“We Catholics are just a few, but we really want the Pope to come to our small country,” Valentin said. “In the meantime, I decided to come here and see the Pope.”

Both Valentin and Vanessa attended Pope Francis’ morning Mass in Tirana and then moved to the Albanian capital’s Cathedral of St. Paul, where Pope Francis celebrated Vespers.

“We think Pope Francis’ visit will give a message of love and peace,” said Vanessa.

Valentin said that the Pope “at first impression speaks in a very simple way.”

“I really hope this visit will have an impact on the region,” he added.

Catholics in Kosovo are just two percent of the population.

Though Catholicism is considered an important part of the identity of Kosovo, Muslims are more likely to hold the key positions in the official ranks.

A 2010 report by the Oasis Foundation, an Italian think tank on interreligious dialogue founded by Cardinal Angelo Scola, stressed that “in Kosovo, Catholics and Muslims live in different village, and the big cities and the capital are almost exclusively inhabited by Muslims.”

Valentin and Vanessa both hope a Pope will soon visit Kosovo.

“We need a Pope to come to our country, and give a message of unity,” they said.

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Full Text of In-Flight Papal Press Conference From Albania

This is a syndicated post from ZENIT - The World Seen From Rome. [Read the original article...]

Here below is an English translation of the transcript of Pope Francis’ press conference given on the flight back from Tirana yesterday evening.  *** 
(Father Lombardi) – Well, now: We are very grateful to the Holy Father for being with us, even at the end of such a demanding day. He wished to be at our disposi…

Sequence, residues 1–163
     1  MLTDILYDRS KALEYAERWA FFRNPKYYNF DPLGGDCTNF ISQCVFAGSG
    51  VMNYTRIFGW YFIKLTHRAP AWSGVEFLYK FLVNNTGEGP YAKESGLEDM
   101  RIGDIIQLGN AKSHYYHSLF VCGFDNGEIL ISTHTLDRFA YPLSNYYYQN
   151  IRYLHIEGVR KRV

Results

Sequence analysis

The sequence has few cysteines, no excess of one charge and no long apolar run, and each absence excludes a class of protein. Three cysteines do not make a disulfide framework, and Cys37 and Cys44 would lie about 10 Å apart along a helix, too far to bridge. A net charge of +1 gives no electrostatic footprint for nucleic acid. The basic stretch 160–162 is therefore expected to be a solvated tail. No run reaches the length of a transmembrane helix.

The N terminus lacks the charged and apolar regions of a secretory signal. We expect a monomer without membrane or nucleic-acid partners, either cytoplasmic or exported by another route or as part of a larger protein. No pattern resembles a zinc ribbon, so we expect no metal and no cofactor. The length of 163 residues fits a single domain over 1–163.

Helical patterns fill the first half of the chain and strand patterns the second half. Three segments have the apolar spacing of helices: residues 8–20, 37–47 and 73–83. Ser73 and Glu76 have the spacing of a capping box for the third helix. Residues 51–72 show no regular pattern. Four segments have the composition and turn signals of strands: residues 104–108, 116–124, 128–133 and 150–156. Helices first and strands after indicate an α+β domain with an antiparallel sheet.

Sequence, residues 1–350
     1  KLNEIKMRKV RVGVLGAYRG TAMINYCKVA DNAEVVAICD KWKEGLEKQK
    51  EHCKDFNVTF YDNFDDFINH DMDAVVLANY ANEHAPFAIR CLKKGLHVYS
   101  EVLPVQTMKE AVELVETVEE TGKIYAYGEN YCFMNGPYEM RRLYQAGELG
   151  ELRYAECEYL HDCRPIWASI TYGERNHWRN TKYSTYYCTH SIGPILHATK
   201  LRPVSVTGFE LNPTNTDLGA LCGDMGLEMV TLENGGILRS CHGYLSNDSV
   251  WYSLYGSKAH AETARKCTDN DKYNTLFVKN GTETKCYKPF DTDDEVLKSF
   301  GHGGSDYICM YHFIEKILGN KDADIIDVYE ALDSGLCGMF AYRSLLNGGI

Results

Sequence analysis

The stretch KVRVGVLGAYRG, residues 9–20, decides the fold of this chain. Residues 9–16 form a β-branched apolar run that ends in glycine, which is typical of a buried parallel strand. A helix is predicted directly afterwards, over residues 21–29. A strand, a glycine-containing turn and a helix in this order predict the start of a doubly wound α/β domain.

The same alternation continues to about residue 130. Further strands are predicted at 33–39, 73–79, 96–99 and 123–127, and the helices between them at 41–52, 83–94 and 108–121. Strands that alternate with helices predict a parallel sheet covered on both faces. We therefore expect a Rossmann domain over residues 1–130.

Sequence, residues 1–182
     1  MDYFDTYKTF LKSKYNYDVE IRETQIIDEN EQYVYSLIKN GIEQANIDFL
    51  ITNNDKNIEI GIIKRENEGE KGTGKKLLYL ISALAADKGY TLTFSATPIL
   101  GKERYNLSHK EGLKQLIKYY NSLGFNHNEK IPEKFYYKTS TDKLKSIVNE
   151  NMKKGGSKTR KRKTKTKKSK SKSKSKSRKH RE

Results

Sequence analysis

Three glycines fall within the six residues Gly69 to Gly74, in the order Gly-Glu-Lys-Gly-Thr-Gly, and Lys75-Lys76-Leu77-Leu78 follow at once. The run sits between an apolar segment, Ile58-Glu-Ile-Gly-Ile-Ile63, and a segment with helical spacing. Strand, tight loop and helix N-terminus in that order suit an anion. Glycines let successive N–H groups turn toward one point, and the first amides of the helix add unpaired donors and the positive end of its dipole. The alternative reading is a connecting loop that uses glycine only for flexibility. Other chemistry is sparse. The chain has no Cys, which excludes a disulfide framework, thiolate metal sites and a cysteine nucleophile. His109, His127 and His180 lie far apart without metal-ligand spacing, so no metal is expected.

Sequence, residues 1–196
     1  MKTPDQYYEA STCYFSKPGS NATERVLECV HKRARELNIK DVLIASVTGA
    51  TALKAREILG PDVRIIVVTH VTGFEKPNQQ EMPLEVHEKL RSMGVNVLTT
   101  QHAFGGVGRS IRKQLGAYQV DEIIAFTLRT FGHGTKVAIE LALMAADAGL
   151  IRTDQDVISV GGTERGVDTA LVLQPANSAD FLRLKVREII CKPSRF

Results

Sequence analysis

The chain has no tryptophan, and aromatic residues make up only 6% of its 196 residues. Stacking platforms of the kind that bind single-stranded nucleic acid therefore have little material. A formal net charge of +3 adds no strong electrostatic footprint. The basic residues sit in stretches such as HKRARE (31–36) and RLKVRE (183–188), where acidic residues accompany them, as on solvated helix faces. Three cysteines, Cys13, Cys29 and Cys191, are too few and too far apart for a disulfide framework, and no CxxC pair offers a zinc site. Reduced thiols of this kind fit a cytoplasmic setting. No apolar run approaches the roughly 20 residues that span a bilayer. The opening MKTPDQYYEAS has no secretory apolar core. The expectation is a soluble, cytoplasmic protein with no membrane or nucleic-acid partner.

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Don’t ‘Rebuild’ Your Parish, Restore It; Help Christians in Iraq; Romance and More!

This is a syndicated post from The Daily Register. [Read the original article...]

By TITO EDWARDS | Don't 'Rebuild' Your Parish, Restore It by Brian Williams of One Peter 5 – BigPulpit.com

Take Action: Stop ISIS & Genocide in Iraq, Help those Persecuted – Boston Catholic Insider

A God-Centered Romance – Cristina Montes,… (8)

Chosenness

This is a syndicated post from The Daily Register. [Read the original article...]

By Mark Shea | Some time back, a reader wrote me with an interesting observation:

You know, I just thought of something. I used to have a part-time job as a pest caller (phone surveys, mostly) and so I met a lot of Wiccans. (In the '90's they… (11)

Sep 21 – Homily – Fr. Wade Menezes: Living a Trinitarian Life

This is a syndicated post from Uploads by franciscanfriars. [Read the original article...]

Fr. Wade Menezes, CPM gives the homily this Sunday as the final conference for his retreat called "Working Out Your Salvation". He first gives the context by outlining all five of his conferences:…
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Papal visit fosters Albanians’ hopes

This is a syndicated post from CNA Daily News. [Read the original article...]